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GojiMet86

M.T.A. Struggles to Deliver New Subway Cars and Signals

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Posted (edited)

The issue with American railcar manufacturers wasn’t that they made bad products. It’s that they took big risks at times when they had virtually no other customer base to fall back on. Let me remind you that when the R44/46 debacle was playing out, the national passenger train industry was imploding into Amtrak, a company whose only substantial orders in its first twenty years were for Superliners and Amfleets. The subway car market was never the focus of any of these builders — it was the larger passenger car market. And sure, if those orders hadn’t gone so badly, they may have survived a few years longer, but the reality at that time was that regardless of product quality, they either had to play the export game, or go.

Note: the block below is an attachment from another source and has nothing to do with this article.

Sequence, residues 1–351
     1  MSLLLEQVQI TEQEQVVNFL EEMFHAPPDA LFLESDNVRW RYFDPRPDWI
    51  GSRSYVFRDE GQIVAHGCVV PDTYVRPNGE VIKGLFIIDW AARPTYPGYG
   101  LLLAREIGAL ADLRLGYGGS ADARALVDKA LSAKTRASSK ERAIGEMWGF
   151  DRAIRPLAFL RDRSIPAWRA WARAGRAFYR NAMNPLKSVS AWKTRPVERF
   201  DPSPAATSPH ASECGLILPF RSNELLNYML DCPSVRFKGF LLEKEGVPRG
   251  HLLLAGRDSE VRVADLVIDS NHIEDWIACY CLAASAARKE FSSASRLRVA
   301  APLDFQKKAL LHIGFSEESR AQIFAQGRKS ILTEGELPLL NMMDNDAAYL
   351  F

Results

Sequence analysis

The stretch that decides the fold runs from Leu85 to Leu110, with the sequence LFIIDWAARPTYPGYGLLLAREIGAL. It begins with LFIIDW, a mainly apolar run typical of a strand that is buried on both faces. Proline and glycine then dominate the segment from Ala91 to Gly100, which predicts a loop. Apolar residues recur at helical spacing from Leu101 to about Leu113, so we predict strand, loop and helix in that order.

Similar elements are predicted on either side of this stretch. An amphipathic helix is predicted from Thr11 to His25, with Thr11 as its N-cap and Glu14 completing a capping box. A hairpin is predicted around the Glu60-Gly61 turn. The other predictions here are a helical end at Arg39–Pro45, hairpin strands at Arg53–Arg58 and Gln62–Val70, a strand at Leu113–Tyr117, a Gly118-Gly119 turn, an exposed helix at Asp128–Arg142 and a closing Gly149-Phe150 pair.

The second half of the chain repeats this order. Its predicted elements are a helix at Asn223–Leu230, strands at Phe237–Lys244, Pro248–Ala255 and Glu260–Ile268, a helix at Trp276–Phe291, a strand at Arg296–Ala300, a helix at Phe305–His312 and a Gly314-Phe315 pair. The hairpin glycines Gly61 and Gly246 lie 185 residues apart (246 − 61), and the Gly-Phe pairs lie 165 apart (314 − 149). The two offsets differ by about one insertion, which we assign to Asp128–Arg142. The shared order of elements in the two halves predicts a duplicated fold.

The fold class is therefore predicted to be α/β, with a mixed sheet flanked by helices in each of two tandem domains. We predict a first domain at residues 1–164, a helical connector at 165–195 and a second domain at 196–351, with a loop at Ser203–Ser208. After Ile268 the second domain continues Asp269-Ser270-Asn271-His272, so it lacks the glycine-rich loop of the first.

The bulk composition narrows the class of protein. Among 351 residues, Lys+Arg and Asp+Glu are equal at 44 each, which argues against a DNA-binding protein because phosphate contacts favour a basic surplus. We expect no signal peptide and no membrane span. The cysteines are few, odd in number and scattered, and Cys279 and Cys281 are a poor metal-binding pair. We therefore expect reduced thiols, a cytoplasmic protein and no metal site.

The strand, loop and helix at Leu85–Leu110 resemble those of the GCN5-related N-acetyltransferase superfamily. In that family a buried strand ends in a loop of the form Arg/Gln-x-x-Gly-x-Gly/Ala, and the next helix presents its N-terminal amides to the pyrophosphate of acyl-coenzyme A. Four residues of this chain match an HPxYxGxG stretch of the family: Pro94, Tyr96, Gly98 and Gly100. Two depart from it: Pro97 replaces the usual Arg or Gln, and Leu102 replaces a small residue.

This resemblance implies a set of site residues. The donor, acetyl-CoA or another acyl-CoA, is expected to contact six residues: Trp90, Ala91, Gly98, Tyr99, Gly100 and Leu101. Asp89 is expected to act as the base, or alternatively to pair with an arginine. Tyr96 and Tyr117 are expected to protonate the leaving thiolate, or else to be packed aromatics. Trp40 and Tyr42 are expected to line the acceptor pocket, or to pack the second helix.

Now, yes, the export game. Since the ‘50s, Europe has been ahead of us in railway tech. Part of the post WW2 rebuild was making their rail network stellar and extremely interconnected, which of course generated a market for new rail products. American railroads were disinvesting in their passenger fleets at the time, giving American builders little monetary scope to research/build models for this market (especially considering nationalism in Europe would favor domestic car construction). So, we lost the export game. This isn’t to say American companies make inferior rail products — GE, EMD, ALCO supplied a massive chunk of the international locomotive market for a few decades, and the former two still do to some extent — it’s just the capital and therefore technology required to compete did not exist in the passenger car sector. 

Edited by RR503
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Posted (edited)